By Iris Utroske
Mention art in conversation with the average teenager, and you’re likely to conjure embarrassing memories of terrible clay statues sculpted as elementary school projects and mental images of quiet, awkward creative types whose talents are vaguely appreciable from a distance but not to be of any particular interest to the typical student. This is the popular conception of artists and the culture surrounding them among the general public, a conception thoroughly set in place by a culture that ensures most people’s exposure to the arts will extend little further than seeing a scan of the Mona Lisa or Starry Night on a magazine cover every now, and it’s an unfortunate bias to have, because it couldn’t be much further removed from what art really is or what it has the potential to do for people of all backgrounds when given a chance.
In fact, to understand the universality of art’s appeal, one only has to look at the demographics of Grandview’s own National Art Honor Society, the club behind projects like our chalk art contests, homecoming murals, and annual art show.
“I love it because it's all students,” said club organizer and art teacher Jennifer Funnell.
“We have freshmen, sophomores, juniors, seniors, we have kids that have taken art classes, kids that haven’t taken art classes, kids that want to but can’t fit it in their schedules. I feel like it’s kind of this creative club for people to be a part of no matter what they’re into, because there’s something for everyone.”
This diversity of experiences and personality types present is possible in large part because of how the club conceives of art and what it has the potential to be, serving not as a mere vessel for conventionally-beautiful imagery but instead tapping into something at once more personal and more universally resonant.
When asked to define art, Funnell said, “To me, art comes back to intention and purpose… I think that’s individual, and that’s what makes it so magical…The traditional standpoint is that, is it a painting, is it a drawing, is it a fine art? No, but it’s expressing something, it’s expressing an idea, it’s conceptual, it gets people talking.”
The understanding of what art can be and do that this demonstrates serves to frame creativity as a powerful means of getting in touch with and expressing something personal about one’s self in a way that both connects with others and resonates with the creative energy inherent to being human.
Through aesthetic expression, it’s possible to capture incredibly specific feelings and ideas in a way that can’t really be conveyed through other modes of communication; be the expressed sentiments as simple as what kind of imagery one finds to be captivating or as profound as the emotional perspective from which one views the world, creating art builds a genuine sense of solidarity between the artist and their audience. And equally, by virtue of bringing something new and valuable into the world, an artist experiences the joy of creation and the pride of owning one’s own labor that philosophers from Aristotle to Marx to Hegel deem so essential to the human experience.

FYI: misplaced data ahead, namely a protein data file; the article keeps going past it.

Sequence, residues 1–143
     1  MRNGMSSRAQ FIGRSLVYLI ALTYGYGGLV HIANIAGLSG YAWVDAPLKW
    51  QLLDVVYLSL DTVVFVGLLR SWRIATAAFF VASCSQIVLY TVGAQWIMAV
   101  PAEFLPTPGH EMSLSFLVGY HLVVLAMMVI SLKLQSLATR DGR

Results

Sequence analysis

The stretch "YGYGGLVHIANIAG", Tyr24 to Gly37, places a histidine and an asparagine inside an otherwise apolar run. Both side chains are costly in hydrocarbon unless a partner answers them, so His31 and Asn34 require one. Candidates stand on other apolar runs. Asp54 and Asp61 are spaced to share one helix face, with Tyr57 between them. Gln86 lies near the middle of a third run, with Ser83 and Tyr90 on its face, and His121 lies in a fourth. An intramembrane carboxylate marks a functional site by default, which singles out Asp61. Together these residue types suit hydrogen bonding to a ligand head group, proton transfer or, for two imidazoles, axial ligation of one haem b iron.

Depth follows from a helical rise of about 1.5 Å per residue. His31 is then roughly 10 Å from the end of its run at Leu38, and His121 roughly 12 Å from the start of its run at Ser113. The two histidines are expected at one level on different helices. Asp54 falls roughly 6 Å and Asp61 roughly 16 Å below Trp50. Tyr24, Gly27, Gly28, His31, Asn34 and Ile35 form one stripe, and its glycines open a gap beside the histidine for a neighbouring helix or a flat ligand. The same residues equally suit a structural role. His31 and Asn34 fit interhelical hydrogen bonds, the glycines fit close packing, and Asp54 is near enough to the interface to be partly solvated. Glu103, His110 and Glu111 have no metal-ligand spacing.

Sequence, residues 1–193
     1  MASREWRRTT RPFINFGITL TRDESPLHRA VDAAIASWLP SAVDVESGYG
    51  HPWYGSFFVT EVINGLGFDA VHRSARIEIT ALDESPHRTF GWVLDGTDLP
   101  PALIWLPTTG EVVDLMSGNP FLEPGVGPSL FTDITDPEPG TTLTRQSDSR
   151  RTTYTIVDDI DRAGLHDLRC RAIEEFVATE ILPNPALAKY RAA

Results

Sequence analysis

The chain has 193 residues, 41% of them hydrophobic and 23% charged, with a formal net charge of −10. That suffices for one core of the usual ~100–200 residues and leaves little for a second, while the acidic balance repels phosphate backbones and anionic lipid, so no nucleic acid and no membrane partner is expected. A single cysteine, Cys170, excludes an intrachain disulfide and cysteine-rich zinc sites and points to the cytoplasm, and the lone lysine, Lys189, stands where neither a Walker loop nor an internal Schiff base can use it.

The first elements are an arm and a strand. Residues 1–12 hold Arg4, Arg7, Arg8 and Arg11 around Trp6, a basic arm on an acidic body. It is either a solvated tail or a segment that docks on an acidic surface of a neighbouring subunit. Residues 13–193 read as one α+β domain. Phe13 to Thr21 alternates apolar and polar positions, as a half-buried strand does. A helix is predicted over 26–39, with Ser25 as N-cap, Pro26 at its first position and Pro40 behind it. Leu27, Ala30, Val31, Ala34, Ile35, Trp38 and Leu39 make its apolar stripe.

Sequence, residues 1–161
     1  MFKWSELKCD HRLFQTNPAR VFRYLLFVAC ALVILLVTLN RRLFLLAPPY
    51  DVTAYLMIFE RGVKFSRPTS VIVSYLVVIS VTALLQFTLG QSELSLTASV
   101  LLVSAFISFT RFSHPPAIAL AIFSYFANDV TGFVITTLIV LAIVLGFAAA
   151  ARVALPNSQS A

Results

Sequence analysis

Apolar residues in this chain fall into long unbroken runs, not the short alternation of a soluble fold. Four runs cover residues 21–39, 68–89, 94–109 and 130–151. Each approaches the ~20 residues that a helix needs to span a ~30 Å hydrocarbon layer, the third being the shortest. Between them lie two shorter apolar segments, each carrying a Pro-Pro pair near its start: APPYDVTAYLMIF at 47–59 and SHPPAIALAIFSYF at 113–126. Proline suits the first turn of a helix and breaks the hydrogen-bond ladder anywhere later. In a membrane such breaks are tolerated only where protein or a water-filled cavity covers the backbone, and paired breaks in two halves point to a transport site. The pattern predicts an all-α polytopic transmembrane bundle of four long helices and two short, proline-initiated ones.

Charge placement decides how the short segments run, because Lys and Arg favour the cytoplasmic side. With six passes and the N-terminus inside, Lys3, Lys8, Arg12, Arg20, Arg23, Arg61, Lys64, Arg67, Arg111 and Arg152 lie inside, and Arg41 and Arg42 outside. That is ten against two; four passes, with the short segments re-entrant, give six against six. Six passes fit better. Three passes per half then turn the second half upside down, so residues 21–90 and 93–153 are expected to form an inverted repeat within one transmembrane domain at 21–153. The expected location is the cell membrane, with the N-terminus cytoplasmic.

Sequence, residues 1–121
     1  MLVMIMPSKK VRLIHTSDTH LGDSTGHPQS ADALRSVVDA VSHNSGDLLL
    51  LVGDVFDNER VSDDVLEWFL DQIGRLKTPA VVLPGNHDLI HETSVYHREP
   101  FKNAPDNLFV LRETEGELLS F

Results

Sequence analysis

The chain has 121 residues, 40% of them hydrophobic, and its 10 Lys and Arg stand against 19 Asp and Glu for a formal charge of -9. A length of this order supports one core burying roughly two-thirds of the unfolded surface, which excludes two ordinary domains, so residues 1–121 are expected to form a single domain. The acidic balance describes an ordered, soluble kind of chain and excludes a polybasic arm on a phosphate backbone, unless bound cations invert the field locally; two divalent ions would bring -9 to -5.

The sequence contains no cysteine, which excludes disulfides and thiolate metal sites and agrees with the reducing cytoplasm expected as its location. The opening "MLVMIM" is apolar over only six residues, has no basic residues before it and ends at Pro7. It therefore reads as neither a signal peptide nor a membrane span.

“I just love this idea that you’re creating something that didn’t exist before, and you’re putting it in the world, and you’re sharing a piece of yourself. I love the relationships it builds, and the community that builds from making art and supporting other people making art.”
There’s no need to be anxious about not having any prior experience with the arts going into the club, either. “I joined because I wanted to be friends with Ms. Green, and that’s the truth,” said Cammy Wehner, who has since gone on to love the club and become its co-vice president.
Funnell equally expresses this idea that technical ability isn’t at all a prerequisite for NAHS; when asked what advice she has for people who want to get into art but fear that they lack the necessary talent or skill, she said that all artists, whether they have minutes worth of experience or years, will deal with such anxieties throughout their careers.
“You have to go in with the approach that sometimes, your practice is going to look like crap. But that’s okay! Because you learn something from that, and can do it a little bit better, and you can grow,” she said.
Expression, acceptance, and effort to improve regardless of skill all converge to form the heart of National Art Honor Society, and build an atmosphere of genuine humanity and community accessible to everyone that one seldom finds even in the tightest of friend groups.
“It’s so inclusive,” said Wehner. “People exist. We all recognize that we’re all different, we create art differently, and we express art differently, and I think there’s a really great understanding of that in here… I feel like I’ve found my people and come into my own as myself [doing art].”
When asked if they had anything else to add about the club, both Weiner and Funnel emphasize that the club truly is open to all.
“I would encourage everyone to get involved with [it], even if they don’t think they’re very artistic,” said Wehner.
“I think that’s the biggest thing: art truly is for everyone. Art is inclusive, art involves everyone, and I want everyone to feel like they can be part of it,” said Funnel.
National Art Honor Society meets every other Wednesday after school in room U109